We headed down to the North Carolina coast for 4 days in the Wilmington area from April 7-11, 2011. Although I’ve lived in NC for almost 20 years, I had never been to Wilmington. It seemed that every time I had a chance to go it was either my weekend to work or something else conflicted. Everyone knows that if you’re going to see a city you don’t go during a festival. Go for the festival and plan on seeing the city some other time. This was no exception. The Azalea Festival is the primary fundraiser for the Wilmington Garden Club. The festival is held each year on the second weekend in April. With our early Spring this year I was afraid that the azaleas might be past prime but they were in all their glory. You almost overdose on them by the weekend’s end.
When we first started looking for a place to park the trailer, all we could find was a KOA at $50/night. We wanted something cheaper but there wasn’t a Good Sam spot closer than an hour away. That would be too much driving back and forth. We were planning on seeing some of the sights and eating with the Charlotte Travel Club. So we chose a local park, Carolina Beach Family Campground, at half the price. Our luck hasn’t been the greatest with these “family” campgrounds. This was better than most in that it was quiet with good level sites and the owners were very friendly. However, there was a large portion of Redneck living here. It serves as a seasonal and permanent camp for about 60% of the sites. Many have built on additions that are more like shacks. I laughed the first time I went into the Ladies room. Instead of a bench or sofa for sitting down, there was an old bench truck seat…complete with seat belts! Did they think you were going to fall off squirming while waiting for a vacant stall! Oh yes, at least one shower stall had been plumbed by the ever present dyslexic plumber so it was cold on the left, hot on the right. It’s OK once you figgure it out but waiting for 10 minutes and no hot water the first time isn’t fun. Since the season hadn’t started yet, it was less than half full. The camper that peaked our curiosity the most was a man we nicknamed “Mr. Tent”. The “tent” was a blue plastic tarp over a clothesline open at both ends. His bed was 3 tires with a piece of plywood on top and a blanket. He didn’t have a chair so sat at the picnic table all the time. He seemed to know the owners so he must be a frequent guest. We felt like we had the Ritz in comparison.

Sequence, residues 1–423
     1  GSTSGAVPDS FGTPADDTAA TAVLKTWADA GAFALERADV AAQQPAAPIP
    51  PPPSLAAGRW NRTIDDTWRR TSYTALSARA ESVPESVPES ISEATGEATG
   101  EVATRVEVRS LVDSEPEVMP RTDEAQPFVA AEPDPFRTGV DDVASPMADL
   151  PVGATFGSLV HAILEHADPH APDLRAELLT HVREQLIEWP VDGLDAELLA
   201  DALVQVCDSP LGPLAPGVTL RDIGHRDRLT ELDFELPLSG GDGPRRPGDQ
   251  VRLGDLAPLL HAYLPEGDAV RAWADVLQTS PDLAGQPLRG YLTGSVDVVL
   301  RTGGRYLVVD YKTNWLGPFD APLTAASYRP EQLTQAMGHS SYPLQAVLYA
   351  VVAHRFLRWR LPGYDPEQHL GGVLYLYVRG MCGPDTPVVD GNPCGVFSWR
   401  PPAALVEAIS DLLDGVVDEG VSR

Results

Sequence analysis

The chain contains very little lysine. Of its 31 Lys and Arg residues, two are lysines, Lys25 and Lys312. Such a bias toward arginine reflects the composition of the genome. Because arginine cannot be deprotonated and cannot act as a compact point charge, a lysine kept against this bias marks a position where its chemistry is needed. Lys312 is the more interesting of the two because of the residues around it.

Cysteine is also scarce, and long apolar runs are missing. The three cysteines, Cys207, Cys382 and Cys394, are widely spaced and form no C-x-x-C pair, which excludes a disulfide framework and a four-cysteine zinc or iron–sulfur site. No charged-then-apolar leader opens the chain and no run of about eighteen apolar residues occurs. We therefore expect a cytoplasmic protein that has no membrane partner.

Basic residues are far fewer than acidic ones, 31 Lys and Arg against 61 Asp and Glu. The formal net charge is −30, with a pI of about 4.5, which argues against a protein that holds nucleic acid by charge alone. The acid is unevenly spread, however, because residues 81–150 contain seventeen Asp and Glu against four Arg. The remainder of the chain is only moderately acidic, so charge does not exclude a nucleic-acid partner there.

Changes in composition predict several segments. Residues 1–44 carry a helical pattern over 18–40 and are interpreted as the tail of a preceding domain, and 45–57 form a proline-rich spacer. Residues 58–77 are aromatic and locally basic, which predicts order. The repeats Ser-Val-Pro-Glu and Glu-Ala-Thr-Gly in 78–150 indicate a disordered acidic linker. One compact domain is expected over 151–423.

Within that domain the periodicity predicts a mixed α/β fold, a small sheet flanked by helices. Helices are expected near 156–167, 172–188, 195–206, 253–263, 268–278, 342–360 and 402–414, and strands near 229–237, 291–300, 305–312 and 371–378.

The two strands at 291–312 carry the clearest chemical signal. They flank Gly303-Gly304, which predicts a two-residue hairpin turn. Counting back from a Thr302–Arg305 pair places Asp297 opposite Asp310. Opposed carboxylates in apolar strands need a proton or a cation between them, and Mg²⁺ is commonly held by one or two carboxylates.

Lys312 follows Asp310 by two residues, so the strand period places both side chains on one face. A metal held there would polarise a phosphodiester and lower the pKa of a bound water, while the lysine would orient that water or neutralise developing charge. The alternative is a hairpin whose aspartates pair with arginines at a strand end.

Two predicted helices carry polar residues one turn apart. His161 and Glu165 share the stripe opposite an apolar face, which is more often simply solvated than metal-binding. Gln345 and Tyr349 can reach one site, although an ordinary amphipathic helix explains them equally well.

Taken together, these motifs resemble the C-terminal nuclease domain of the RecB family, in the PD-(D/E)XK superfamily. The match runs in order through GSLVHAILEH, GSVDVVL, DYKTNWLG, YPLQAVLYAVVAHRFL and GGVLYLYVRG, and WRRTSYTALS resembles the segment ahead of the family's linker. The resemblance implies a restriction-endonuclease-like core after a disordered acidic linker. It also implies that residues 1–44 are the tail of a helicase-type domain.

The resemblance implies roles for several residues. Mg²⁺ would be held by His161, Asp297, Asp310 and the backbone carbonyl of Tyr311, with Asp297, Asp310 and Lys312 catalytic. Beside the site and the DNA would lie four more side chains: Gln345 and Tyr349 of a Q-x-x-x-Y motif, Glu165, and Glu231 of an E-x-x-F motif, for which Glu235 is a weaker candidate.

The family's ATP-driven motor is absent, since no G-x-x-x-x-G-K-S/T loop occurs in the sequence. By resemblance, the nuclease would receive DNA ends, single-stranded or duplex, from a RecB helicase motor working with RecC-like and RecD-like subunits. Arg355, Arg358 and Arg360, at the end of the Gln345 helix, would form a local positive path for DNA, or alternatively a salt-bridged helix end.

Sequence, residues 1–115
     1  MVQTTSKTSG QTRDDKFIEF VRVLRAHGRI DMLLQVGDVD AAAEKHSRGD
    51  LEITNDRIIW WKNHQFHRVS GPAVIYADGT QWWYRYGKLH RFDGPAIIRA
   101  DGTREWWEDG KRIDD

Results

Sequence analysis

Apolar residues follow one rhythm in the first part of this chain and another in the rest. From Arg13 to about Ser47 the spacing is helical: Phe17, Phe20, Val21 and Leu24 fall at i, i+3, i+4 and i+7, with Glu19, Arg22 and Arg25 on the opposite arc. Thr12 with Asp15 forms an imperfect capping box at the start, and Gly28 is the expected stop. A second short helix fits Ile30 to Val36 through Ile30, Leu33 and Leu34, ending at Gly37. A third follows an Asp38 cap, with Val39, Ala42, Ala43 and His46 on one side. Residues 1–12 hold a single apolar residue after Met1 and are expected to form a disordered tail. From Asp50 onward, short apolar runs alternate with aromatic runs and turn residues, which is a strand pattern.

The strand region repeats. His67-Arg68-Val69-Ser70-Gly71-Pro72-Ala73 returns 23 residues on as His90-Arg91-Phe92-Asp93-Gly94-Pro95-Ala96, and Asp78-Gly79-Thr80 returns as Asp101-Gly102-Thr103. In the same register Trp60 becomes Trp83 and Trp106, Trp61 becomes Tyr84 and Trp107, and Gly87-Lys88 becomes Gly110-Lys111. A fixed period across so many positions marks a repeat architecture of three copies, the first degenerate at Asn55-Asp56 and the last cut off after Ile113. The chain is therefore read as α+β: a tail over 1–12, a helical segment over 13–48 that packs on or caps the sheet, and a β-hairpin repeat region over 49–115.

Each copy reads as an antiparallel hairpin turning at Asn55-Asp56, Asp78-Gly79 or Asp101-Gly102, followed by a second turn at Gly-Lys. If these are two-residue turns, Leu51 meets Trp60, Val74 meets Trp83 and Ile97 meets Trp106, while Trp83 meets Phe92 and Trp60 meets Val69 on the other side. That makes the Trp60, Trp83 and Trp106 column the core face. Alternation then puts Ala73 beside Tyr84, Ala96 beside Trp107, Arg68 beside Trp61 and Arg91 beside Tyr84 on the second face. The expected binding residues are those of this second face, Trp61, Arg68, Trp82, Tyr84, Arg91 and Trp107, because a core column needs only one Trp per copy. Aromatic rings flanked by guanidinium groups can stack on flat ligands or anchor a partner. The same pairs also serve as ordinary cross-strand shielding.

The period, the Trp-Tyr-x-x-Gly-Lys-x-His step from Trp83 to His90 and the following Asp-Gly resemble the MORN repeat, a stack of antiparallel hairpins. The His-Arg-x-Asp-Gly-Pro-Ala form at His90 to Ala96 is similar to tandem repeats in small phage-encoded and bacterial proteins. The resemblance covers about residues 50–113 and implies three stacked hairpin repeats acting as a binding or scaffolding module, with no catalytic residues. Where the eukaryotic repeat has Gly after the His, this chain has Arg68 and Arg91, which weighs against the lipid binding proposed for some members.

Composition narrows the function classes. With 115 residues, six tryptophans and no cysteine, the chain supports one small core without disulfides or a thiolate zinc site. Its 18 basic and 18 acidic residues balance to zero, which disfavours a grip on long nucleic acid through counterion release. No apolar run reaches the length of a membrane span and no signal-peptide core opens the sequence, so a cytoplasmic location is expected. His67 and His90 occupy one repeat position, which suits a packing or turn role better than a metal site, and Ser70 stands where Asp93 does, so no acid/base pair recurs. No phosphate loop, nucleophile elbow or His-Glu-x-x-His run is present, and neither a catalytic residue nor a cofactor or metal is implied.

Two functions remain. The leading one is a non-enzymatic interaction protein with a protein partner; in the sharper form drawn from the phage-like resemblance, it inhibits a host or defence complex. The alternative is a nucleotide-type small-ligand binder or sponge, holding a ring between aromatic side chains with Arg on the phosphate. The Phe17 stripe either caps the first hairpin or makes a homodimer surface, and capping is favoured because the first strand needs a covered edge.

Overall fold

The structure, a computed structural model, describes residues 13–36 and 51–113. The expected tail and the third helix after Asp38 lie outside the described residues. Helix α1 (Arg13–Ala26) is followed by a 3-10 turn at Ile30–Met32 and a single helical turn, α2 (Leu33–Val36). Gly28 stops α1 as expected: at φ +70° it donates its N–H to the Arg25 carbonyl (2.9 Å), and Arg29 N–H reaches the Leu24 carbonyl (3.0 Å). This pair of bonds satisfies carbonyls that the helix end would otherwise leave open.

We were on our own Thursday afternoon so we took Opal for a long walk on the beach at Fort Fisher. Fort Fisher is a NC State Historical Site and home to one of the three NC Aquariums. We didn’t have time to stop at the historical site but will definitely do so on our next visit. More about the aquarium later. Carolina Beach State Park is in the area as well. Although it does not have hookups the campground looks like a good alternative for the trailer. This park’s claim to fame is it’s one of the few places where you can see Venus Fly Trap growing in the wild. There are also several places to launch kayaks/boats here. This is one of the few places where dogs are allowed on the beach. Last year at the Outer Banks she was scared to death by the waves and not thrilled when she took a drink and the water was salty. This year she was still wary but walked closer to the water and kept her eye on the waves as they snuck up toward her. Once she let her guard down and actually got her paws wet. Is there anything better than walking along the beach with the breeze blowing and that smell of salt air? Then home for a glass of wine and dinner.